While the participants were enjoying their breakfast in Markleeville, the volunteers gathered early at Pleasant Valley, a 900-acre preserve with over three miles of mountain streams populated with trophy-sized Rainbow trout. The first order of the day was to load up coolers with water and sports drinks, and then transfers them to ATVs and distribute them along the stream. Eleven fly rods provided by Reel Recovery were rigged and set out along with fishing vests for use by the participants. Signed and dated by previous retreat participants, the vests serve as a reminder that others have been where the participants are now and also serve as a memorial to many who are no longer with us.

With the logistics taken care of, we volunteers gathered for a briefing by Reel Recovery staff members. They pointed out that cancer is not a communicable disease, safety for the participants was stressed, and action plans in the event of a problem were discussed. Our job would be to provide whatever kind of instruction our partner desired. We could teach them how to cast, show them fish and where to put the fly, how to wade safely, or simply offer a steadying hand. Just as importantly, we were encouraged to talk to them about their experience with cancer.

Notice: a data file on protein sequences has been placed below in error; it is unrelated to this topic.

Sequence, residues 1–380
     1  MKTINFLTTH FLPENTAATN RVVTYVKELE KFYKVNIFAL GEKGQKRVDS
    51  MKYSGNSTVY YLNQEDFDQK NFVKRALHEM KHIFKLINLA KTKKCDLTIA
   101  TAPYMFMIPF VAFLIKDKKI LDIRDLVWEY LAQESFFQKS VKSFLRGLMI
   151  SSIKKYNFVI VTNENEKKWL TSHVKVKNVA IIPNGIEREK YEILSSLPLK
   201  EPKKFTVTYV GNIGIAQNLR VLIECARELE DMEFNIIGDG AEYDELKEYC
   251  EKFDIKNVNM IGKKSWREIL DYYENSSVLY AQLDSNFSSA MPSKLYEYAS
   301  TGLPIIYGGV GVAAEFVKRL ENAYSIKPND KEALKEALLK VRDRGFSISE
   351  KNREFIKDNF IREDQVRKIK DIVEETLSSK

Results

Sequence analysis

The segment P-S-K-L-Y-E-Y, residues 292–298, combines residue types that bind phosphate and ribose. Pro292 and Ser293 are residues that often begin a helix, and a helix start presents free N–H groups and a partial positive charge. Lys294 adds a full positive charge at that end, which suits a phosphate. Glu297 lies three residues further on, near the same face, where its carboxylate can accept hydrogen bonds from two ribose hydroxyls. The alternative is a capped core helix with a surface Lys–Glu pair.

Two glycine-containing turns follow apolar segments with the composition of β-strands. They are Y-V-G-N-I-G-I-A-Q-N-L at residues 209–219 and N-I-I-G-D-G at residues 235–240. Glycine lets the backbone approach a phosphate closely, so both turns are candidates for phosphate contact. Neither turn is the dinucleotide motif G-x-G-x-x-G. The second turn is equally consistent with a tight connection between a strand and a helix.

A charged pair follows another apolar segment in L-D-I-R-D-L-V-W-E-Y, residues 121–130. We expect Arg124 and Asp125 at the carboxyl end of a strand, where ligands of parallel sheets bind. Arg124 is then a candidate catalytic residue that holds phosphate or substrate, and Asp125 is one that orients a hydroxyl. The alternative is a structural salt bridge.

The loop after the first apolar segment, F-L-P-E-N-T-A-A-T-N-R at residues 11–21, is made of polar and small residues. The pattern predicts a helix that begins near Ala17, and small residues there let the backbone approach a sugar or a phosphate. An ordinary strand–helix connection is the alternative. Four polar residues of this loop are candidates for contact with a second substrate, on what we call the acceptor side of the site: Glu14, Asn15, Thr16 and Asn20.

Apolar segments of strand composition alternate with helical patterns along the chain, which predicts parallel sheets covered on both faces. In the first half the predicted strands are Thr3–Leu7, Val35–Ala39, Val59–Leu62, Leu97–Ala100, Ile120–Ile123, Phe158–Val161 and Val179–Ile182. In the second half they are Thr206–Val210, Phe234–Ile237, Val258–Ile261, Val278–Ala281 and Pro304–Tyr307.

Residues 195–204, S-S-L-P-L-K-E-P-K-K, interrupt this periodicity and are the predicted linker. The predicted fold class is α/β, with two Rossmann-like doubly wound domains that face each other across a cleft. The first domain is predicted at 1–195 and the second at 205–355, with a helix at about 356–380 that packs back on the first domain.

Now here's a newsflash for you, most men don't talk about their problems. Instead, we internalize them and become withdrawn and isolated from the people most able to give us support, our family, and friends. In contrast, the retreat encourages the participants to open up, and engage in what Reel Recovery refers to as "courageous conversations," to talk candidly about their fears, frustrations, and anger with others who share the same experience. Each evening participants and facilitators gathered to share their stories and to discuss the various support organizations and resources available to men in their situations.